UN warns of possible ‘crimes against humanity’ in Venezuela

GENEVA (AFP) – The UN rights chief warned yesterday of possible “crimes against humanity” in Venezuela, prompting the crisis-wracked country to accuse his office of wielding human rights as “a political weapon”.

“My investigation suggests the possibility that crimes against humanity may have been committed,” Zeid Ra’ad Al Hussein said at the opening of the 36th session of the Human Rights Council, calling for an international probe.

Venezuela’s crisis has caused food and medicine shortages, deadly unrest and calls for President Nicolas Maduro to quit.

Clashes with security forces at anti-government protests have left around 130 people dead since April.

International powers accuse Maduro of dismantling democracy by taking over state institutions in order to resist the opposition pressure.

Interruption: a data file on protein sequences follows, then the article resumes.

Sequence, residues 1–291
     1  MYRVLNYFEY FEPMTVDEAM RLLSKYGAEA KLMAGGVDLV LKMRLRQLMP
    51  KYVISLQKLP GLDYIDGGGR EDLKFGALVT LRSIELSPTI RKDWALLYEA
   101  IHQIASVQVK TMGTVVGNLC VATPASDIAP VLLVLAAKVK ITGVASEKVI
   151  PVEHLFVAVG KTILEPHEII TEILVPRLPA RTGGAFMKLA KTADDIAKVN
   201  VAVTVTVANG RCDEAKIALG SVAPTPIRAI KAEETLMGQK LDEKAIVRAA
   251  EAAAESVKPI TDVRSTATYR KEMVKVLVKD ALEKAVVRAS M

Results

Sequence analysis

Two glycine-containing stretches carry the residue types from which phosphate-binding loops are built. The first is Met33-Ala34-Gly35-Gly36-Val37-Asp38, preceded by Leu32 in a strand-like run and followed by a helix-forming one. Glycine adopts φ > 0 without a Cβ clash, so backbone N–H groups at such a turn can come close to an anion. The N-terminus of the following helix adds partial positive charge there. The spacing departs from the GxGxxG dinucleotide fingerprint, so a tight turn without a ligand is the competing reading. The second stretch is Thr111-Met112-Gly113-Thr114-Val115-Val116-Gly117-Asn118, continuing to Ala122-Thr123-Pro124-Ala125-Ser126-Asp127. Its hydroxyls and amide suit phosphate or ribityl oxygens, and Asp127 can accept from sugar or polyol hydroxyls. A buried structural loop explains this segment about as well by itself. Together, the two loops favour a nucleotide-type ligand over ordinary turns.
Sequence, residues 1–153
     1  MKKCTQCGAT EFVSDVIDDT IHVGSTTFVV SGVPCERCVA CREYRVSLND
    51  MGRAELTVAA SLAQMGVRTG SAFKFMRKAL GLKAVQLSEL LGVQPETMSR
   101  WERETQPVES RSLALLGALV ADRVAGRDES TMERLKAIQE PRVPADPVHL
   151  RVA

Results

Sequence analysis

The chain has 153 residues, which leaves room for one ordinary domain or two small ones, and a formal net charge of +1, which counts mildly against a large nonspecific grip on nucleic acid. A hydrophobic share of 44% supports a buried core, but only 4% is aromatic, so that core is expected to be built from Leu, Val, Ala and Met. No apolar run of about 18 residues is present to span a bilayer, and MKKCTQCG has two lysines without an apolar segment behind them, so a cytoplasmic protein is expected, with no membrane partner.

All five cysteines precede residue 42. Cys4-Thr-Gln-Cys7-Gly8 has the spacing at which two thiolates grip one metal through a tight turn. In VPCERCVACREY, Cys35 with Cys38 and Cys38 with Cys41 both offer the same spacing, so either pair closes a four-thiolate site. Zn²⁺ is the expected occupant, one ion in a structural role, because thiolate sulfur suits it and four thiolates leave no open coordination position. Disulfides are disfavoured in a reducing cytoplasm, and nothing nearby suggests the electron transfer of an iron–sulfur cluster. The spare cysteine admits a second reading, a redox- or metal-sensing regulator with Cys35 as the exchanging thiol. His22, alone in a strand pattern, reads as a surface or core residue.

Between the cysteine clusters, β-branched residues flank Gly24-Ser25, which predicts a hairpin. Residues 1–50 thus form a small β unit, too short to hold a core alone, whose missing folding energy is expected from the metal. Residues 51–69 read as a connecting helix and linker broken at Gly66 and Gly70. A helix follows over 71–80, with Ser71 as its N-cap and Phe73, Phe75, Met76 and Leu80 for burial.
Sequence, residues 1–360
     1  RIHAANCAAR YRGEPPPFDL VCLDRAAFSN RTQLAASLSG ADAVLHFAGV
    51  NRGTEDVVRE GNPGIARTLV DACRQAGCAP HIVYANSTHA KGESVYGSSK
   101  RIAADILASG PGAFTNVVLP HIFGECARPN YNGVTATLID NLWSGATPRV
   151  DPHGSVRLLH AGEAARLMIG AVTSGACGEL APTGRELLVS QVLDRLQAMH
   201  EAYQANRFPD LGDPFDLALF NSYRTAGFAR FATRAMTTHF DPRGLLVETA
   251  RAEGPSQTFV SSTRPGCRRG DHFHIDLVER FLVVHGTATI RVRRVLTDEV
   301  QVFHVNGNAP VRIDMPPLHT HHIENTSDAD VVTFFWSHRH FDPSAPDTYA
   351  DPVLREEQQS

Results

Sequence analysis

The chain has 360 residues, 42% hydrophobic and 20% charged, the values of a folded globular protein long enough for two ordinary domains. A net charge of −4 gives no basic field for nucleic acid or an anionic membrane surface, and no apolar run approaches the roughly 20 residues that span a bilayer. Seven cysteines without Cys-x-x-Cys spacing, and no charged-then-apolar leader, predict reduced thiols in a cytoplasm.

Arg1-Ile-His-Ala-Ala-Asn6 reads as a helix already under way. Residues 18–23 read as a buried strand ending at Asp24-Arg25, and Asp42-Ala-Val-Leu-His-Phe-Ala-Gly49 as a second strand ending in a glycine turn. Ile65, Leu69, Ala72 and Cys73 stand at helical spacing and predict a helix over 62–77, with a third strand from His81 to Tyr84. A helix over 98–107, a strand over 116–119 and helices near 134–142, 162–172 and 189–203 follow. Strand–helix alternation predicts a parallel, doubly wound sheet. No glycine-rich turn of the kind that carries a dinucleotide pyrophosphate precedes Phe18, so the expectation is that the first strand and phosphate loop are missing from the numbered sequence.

Zeid Ra’ad Al Hussein, United Nations High Commissioner for Human Rights, shakes hands with delegates before the 36th session of the Human Rights Council at the European headquarters of the UN, in Geneva, yesterday. – AP

“There is a very real danger that tensions will further escalate, with the government crushing democratic institutions and critical voices,” Zeid warned.

He said an investigation by his office had noted the widespread use of “criminal proceedings against opposition leaders, recourse to arbitrary detentions, excessive use of force and ill-treatment of detainees, which in some cases amounts to torture”.

Venezuelan Foreign Minister Jorge Arreaza Montserrat also addressed the council yesterday, demanding that Zeid stop his office’s “aggressions” towards Venezuela, and slamming “the political selective and bias use of human rights”.

“The strategy used against my country from certain centres of power is a clear example of the use of human rights as a political weapon,” he told the council.